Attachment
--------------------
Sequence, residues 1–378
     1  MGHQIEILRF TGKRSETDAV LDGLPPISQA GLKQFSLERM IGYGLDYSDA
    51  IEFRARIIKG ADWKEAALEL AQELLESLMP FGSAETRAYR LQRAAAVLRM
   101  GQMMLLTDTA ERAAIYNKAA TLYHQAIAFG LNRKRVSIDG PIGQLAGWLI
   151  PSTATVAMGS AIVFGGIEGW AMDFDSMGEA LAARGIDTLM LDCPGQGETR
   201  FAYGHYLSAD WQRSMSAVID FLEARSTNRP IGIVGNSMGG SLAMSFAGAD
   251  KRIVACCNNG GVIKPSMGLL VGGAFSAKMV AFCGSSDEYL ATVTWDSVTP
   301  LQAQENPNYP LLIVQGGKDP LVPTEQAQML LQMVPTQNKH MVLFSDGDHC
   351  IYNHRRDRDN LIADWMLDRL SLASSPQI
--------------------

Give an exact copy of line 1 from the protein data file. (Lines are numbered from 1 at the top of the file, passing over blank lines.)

Sequence, residues 1–378